Check out Jack White covering Blondie on an unearthed ’90s cassette
A 20-year-old cassette has surfaced which features none other than Jack White performing vocal duties on a Blondie cover.
If you’re even a passing fan of Jack White, you might be aware just how rare some of his releases can be. Back in March, Ben Blackwell – an employee at Jack White’s Third Man Records label and known as the “official archivist” of The White Stripes – spoke about the rarest of White’s releases, and pointed out how hard it can be to find some of them.
Of course, the most notable of these releases would undoubtedly have to be The Upholsterers’ Your Furniture Was Always Dead… I Was Just Afraid To Tell You, a near-mythical release which was hidden away in furniture made by Jack White’s bandmate Brian Muldoon. To date, only two copies of this single have been found.
Now, Ben Blackwell has taken to the Internet to speak of yet another rare Jack White release that has been uncovered.
Writing for the musical completists’ haven, Discogs, Blackwell spoke about a number of cassettes he has in his possession, including one of the rarest Jack White features of all time.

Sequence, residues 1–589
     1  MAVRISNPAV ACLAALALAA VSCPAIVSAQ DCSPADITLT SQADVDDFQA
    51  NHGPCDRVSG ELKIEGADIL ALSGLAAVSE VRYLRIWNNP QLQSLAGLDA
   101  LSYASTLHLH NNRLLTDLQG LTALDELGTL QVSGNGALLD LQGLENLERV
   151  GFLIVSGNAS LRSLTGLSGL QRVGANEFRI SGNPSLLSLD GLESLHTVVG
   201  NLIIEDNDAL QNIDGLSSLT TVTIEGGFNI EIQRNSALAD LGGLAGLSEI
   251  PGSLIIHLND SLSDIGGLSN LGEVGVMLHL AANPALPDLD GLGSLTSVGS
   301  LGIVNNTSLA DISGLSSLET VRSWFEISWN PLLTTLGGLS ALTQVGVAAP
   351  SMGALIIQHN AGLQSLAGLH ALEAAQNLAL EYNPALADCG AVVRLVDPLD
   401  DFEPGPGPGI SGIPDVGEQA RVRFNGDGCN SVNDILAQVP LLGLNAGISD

“In late 1997, an aptly-named teen trio called 400 Pounds of Punk […] recorded a handful of tracks in a makeshift home studio at 1203 Ferdinand Street in Southwest Detroit,” Blackwell began. “The track list is a sparse four songs, with the snotty ‘From the Garbage Bin’ being my personal favorite.”
“An unlisted hidden fifth track is a rude cover of Blondie’s ‘One Way Or Another’ with vocal duties shared by the band’s lead singer Jamie Cherry and one of the session engineers, a then-unknown Jack White.”
“The cassette, titled He Once Ate A Small Child is, as far as I can tell, the rarest physical release of a Jack White performance,” he continued. “And prior to the mention here, the release was completely undocumented. I doubt more than a half-dozen people even knew about it.”
The performance is undoubtedly rough, and full of the garage-punk ethos that Jack White would later become known for. While it might not be the most professional-sounding performance of all time, it undoubtedly gives an intriguing insight into the future of one of music’s most famous and prolific names.